24 Tasting Notes
Lazy morning. I’ve already rolled over and gone back to sleep twice. So lazy I’m totally uninterested in turning on, tuning in, and dropping out into the world of tea. But the Verdant Yunnan White Jasmine leers at me suggestively from its shipping box, one of the few remaining unopened samples.
I settle for a western brew, putting on the kettle and the Beatles’ Revolver. Opening the packet, I’m overwhelmed by the gorgeous white needles and the fantastic scent. There are even a few jasmine blossoms hanging around. Verdant recommends a teaspoon per cup. I’m not sure how one measures a teaspoon with a leaf that’s a good inch-and-a-half long, so I settle for enough to cover the bottom of my cup and a tiny bit more. Steep time is two agonizing minutes, during which I bury my face in the amazing scent coming off the brewing vessel.
Pouring the tea off into my mug, a few needles slip in. As I watch, they attach themselves to the bottom of the cup and loll around, upright and waving like kelp or fauna at the bottom of a jasmine-scented ocean. Apparently I signed up for the psychedelic experience. I rush for my phone and snap a shot of this, concerned nobody will ever believe me. Two needles break free of the surly bonds of gravity and dance about, still upright, mid-beverage. This tea ain’t right.
Undeterred by the possessed leaves, I take my first sip. Banana and hints of jasmine. I certainly wouldn’t go for a banana tea on purpose, but it’s not offensive. It just is. Clean, light, perfect for this summer morning where it’s already 97 (36) outside. The strange tea disappears down my gullet and is quickly replaced with a second steep. The banana becomes smoother and less pronounced; the jasmine becomes clearer but not overpowering. The needles do not repeat their pageantry. But with a giggle, they release a hint of cinnamon they’d been secreting away for this occasion.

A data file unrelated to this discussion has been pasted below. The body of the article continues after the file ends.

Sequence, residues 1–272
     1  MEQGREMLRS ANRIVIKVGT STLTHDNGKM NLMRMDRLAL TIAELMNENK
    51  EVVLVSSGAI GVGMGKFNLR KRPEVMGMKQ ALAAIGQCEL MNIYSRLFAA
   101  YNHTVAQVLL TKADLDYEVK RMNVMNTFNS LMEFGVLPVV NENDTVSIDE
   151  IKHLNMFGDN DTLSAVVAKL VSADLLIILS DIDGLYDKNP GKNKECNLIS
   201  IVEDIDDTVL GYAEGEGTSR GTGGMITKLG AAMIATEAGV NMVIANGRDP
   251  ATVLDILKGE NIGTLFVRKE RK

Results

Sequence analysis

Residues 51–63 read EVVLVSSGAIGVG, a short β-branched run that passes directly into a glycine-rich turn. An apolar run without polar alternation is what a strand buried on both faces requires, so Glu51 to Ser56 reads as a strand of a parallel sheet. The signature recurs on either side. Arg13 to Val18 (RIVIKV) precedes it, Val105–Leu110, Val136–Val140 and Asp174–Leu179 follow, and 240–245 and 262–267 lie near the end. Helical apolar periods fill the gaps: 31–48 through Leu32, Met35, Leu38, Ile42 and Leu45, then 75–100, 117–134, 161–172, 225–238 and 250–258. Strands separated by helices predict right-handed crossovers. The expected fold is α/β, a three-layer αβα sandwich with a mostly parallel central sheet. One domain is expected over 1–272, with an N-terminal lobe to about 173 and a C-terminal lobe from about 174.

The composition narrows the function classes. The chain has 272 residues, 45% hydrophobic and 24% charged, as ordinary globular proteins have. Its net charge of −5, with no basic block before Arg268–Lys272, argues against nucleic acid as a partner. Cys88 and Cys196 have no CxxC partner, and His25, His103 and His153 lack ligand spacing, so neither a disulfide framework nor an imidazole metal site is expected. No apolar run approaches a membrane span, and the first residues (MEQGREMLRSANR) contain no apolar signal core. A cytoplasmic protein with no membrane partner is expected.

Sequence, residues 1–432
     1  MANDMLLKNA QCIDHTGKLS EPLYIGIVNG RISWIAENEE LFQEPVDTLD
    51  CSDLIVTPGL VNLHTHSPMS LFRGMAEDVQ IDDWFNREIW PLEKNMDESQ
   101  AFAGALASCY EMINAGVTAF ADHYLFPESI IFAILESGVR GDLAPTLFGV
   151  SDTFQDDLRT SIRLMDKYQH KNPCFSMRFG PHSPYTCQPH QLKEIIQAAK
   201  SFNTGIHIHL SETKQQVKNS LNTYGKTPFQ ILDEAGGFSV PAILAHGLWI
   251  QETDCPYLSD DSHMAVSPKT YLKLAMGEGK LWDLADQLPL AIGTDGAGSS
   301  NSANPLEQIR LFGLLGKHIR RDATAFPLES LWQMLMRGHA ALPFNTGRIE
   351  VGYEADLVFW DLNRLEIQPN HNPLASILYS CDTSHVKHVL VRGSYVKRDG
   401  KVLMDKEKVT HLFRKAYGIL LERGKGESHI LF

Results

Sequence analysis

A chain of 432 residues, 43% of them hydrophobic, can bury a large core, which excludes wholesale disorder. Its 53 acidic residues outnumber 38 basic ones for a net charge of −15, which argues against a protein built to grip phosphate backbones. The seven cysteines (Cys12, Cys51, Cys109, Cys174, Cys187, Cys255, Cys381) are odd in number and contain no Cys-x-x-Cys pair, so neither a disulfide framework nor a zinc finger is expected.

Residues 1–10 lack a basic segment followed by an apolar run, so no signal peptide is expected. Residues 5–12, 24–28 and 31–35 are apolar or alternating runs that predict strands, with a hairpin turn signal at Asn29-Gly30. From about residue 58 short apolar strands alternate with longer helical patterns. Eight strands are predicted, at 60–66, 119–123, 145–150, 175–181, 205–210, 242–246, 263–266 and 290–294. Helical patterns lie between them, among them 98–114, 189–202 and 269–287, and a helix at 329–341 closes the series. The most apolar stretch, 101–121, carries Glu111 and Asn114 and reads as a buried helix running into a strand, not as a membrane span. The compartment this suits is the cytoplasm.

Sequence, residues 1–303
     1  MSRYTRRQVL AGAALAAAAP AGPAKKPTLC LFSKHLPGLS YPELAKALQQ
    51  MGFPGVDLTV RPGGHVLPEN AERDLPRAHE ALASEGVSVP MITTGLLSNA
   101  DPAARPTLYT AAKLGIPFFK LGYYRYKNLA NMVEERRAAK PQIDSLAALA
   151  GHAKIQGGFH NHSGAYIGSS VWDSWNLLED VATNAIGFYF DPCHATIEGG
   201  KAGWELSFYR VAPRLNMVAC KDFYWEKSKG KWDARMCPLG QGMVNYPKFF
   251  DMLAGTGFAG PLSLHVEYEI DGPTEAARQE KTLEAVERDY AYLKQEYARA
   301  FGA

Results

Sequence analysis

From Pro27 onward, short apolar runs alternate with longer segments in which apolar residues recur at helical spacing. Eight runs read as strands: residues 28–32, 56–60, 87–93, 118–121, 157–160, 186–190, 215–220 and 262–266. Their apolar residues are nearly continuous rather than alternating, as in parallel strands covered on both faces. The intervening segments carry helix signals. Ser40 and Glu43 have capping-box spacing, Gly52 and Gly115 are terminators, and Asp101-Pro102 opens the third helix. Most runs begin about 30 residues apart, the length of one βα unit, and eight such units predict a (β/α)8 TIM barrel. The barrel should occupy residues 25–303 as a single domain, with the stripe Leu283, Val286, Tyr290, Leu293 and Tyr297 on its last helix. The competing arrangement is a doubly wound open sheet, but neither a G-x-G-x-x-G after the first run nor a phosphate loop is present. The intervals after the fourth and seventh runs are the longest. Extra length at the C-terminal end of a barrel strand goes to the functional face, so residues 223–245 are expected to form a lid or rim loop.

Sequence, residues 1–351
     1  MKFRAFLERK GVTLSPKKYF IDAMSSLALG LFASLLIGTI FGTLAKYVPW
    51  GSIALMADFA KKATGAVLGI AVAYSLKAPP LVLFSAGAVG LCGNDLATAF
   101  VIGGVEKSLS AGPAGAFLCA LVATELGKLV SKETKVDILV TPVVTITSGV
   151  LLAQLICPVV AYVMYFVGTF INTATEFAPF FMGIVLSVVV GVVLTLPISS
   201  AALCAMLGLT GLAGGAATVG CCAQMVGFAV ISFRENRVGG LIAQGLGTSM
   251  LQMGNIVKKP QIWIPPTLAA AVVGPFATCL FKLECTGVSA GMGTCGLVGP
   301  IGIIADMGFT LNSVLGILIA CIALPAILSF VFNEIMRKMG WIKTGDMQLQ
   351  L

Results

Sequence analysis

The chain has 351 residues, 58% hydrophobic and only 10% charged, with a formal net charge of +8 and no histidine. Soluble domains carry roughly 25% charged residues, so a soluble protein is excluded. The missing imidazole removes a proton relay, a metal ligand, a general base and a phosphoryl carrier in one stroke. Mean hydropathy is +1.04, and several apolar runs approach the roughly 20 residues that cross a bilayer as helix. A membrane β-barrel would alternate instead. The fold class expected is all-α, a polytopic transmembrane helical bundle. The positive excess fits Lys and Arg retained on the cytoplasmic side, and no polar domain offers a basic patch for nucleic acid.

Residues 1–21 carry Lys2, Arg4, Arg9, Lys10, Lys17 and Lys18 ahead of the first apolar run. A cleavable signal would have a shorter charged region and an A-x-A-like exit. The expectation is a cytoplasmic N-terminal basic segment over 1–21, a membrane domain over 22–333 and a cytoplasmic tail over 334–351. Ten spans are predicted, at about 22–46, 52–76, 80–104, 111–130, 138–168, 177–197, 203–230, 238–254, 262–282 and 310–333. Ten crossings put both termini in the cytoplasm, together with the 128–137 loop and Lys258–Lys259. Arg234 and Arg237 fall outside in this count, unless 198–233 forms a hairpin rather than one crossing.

Do we dare try for a third? Yes. Yes we do. Here the flavor profile gets interesting. I’m sure now I must have dropped acid and not realized it. Maybe the jasmine blossoms were laced with it. In the mouth, it’s clean jasmine. The finish seamlessly transforms from banana to cinnamon to pine to a lingering green apple.
All in all, good even with the banana notes. I’m excited to see what else this one will reveal with different brewing styles.
After spending a year and a half focusing on greens, I decided to mix it up and try an oolong that arrived in my Verdant sample box. The leaves are gorgeous, twisted, enormous dark things with an amazing smell fresh out of the package. Super duper tippy magic pekoe this clearly is not, but there’s no breakage to speak of and the leaves are pristine both dry and after they unfurl.
My first and continued thought about Shui Jin Gui Wuyi: WHAT IS IT? Sitting there with my first cup, brewed as a compromise between western style and gong fu, that was the question that came back to mind with every whiff and every sip. It smelled oddly familiar, but I couldn’t quite put my finger on it. It tasted familiar, but I couldn’t quite put my finger on it. And I still can’t assign any specific name to it. Earthy, water chestnutty, coppery… but not quite. Like sucking on a dirty, tarnished penny… but not exactly. I realize I probably don’t make it sound particularly appetizing, but there’s something satisfying about it that demands continued drinking.